Children and parents who have been referred to the psychologist, even if they are not regularly followed, are invited to meet with him each time they visit the Institute for prosthetic adjustment or for a routine examination. Some of these young patients have been known to the staff psychologists for more than six or seven years, and many have been helped to meet the crises which occur to any individual at various stages of his development, but which are often felt more intensely by handicapped individuals.
Since the number of interviews is limited, the psychologist's aim is to provide as much support as possible to the parents, and to try to help them to perceive the handicap in its proper objective perspective. Parents and children are helped to minimize the tendency to deny the handicap and are guided toward some form of gratifying compensation. The psychologist, through his own assessment and the observations of other members of the team, must strive to discover the patient's assets and resources and to help him capitalize upon them.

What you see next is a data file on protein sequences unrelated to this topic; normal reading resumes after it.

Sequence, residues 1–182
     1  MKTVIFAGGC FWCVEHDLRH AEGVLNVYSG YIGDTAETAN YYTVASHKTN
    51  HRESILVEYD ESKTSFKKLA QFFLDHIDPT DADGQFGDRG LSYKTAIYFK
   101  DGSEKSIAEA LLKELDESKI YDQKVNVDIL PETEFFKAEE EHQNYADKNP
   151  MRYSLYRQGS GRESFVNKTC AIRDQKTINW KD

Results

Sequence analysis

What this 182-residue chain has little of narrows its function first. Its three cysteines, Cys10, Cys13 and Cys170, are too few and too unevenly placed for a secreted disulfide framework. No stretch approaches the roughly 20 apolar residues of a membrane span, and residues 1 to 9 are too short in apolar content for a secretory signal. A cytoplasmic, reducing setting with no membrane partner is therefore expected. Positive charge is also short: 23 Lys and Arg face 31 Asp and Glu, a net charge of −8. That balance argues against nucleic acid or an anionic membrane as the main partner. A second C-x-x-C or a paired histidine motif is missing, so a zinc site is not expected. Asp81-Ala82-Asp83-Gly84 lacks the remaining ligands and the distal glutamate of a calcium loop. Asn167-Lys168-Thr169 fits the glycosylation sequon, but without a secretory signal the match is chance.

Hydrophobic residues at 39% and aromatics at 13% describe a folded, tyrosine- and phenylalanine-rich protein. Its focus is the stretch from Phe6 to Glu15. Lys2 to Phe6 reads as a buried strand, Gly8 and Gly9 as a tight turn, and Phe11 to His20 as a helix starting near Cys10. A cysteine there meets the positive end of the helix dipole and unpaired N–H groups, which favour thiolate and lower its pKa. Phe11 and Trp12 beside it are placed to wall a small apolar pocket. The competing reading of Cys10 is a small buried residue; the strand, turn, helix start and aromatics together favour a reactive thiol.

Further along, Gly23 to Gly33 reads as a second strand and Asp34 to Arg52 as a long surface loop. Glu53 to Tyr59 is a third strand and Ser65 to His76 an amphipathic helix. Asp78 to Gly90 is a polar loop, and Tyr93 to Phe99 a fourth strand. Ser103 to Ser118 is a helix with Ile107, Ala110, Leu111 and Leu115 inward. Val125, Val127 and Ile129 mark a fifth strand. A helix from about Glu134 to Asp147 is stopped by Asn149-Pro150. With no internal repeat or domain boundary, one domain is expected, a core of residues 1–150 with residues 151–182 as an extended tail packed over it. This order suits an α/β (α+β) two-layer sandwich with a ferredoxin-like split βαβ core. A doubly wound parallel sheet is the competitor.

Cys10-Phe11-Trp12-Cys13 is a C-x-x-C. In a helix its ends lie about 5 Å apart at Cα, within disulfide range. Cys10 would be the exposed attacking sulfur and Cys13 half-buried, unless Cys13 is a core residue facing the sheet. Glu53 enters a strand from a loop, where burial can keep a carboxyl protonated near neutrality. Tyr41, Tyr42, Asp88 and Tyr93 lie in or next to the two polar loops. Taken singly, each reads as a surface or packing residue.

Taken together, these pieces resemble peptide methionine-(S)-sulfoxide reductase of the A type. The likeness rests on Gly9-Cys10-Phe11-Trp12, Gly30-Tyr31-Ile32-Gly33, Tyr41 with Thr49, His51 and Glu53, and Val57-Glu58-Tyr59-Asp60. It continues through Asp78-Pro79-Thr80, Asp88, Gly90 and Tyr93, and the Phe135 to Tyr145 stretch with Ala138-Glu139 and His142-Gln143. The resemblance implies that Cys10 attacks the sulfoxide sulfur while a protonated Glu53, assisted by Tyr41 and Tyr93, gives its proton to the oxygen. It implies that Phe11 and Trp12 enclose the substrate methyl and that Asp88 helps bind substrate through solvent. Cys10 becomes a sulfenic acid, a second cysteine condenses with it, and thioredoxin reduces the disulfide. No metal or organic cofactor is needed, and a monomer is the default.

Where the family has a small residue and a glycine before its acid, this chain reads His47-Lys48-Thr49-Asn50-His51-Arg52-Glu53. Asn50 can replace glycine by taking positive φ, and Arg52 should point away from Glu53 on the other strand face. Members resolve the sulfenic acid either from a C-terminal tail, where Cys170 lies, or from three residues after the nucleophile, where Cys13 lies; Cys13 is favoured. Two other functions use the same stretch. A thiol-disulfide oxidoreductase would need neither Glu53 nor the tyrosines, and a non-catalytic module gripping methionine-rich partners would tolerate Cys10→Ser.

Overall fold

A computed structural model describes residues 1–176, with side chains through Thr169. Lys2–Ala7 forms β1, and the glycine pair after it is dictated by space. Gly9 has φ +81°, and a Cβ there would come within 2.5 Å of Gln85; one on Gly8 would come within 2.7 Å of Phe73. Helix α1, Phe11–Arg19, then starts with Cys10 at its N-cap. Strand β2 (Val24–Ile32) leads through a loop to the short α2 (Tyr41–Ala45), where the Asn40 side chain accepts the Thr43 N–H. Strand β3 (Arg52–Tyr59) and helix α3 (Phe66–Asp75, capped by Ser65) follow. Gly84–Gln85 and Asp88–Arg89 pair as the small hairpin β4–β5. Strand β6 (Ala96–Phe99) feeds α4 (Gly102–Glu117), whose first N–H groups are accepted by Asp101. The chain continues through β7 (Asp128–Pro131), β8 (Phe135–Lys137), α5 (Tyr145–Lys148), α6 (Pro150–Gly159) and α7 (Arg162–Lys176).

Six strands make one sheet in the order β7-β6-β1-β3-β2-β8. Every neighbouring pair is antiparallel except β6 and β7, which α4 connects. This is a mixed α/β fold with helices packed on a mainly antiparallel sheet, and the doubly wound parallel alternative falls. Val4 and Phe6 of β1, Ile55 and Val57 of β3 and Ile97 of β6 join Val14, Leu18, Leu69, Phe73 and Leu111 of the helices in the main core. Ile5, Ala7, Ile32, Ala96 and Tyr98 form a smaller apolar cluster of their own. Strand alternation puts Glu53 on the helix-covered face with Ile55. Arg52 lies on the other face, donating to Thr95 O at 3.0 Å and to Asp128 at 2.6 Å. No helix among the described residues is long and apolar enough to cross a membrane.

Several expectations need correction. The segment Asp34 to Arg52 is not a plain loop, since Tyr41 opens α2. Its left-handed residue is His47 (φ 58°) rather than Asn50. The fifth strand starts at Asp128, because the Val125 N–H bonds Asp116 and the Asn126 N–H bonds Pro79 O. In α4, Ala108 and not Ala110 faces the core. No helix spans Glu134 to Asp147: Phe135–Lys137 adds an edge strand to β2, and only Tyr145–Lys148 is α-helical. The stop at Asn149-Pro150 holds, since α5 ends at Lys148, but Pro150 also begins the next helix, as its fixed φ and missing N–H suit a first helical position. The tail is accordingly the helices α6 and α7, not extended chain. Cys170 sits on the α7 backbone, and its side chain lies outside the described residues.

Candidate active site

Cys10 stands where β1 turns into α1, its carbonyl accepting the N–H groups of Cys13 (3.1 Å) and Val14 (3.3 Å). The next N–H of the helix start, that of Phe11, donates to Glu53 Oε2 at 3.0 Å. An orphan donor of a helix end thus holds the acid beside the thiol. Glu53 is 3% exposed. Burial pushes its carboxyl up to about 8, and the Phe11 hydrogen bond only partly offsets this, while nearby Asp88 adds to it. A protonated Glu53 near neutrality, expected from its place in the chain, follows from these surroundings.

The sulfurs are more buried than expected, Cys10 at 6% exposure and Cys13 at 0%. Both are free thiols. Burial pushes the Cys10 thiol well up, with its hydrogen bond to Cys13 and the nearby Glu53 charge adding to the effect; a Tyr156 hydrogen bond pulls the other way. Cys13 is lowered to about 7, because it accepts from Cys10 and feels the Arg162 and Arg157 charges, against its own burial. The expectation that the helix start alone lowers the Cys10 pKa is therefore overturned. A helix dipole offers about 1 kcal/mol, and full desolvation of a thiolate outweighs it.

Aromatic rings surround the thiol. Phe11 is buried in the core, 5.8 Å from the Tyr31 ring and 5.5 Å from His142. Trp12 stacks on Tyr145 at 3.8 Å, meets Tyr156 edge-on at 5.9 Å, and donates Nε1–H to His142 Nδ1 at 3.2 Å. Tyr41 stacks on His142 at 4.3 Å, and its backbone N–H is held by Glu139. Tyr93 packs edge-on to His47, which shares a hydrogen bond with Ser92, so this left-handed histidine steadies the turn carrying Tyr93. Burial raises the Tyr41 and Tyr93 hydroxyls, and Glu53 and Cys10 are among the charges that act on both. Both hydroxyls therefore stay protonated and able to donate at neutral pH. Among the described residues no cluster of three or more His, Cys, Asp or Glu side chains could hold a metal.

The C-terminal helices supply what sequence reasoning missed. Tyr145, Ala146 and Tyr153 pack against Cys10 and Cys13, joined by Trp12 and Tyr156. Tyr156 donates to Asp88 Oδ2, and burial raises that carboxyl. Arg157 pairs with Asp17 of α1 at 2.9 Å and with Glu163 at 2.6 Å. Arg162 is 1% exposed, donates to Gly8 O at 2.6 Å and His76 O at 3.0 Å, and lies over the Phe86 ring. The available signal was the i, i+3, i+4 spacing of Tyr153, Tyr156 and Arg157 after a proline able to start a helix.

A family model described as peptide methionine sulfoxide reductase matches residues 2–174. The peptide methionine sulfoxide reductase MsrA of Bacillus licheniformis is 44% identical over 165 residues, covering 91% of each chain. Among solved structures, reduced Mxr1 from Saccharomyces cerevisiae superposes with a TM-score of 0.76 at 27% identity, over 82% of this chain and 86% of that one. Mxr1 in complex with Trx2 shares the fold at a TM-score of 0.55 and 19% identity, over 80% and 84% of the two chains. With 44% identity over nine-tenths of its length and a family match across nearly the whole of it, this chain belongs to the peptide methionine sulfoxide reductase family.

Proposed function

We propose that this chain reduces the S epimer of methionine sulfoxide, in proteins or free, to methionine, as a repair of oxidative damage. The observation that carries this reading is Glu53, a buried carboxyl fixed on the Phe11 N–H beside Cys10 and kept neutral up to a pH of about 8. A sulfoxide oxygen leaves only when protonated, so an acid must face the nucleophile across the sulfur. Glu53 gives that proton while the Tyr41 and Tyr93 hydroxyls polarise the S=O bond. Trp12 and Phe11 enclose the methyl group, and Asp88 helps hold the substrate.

Parents of patients suffering from various crippling conditions- traumatic, acquired, or congenital- are quite similar in many respects. Notwithstanding differences in socioeconomic levels, intelligence, or capacity to relate to professionals at the Institute, parents suffer or have suffered grief and intense guilt feelings, and they tend either to overprotect the child or to encourage overcompensation. All tend to project their feelings on various persons responsible for the child's habilitation or, later on, his education. All are deeply concerned about the patient's future-about his ability to engage in studies later on, in rewarding work, or even in marriage. Some even foresee, quite early in the life of the patient, difficulties in integrating into a peer group, especially during adolescence. This is particularly true of mothers of young daughters, who fear rejection by the members of the opposite sex and even a total inability to find a suitable life companion.
As is apparent, the psychologist's role necessarily includes evaluation of both parents and children. It is essential that at least the first interview be conducted with the parents, not only to arrive at an objective evaluation of the child, but also to gather a clear picture of the environment in which the child has been reared. Although many details may be obtained from other members of the team, it is felt that the best report cannot always convey the emotional tone and the flavor that a direct interview and/or personal contacts may yield.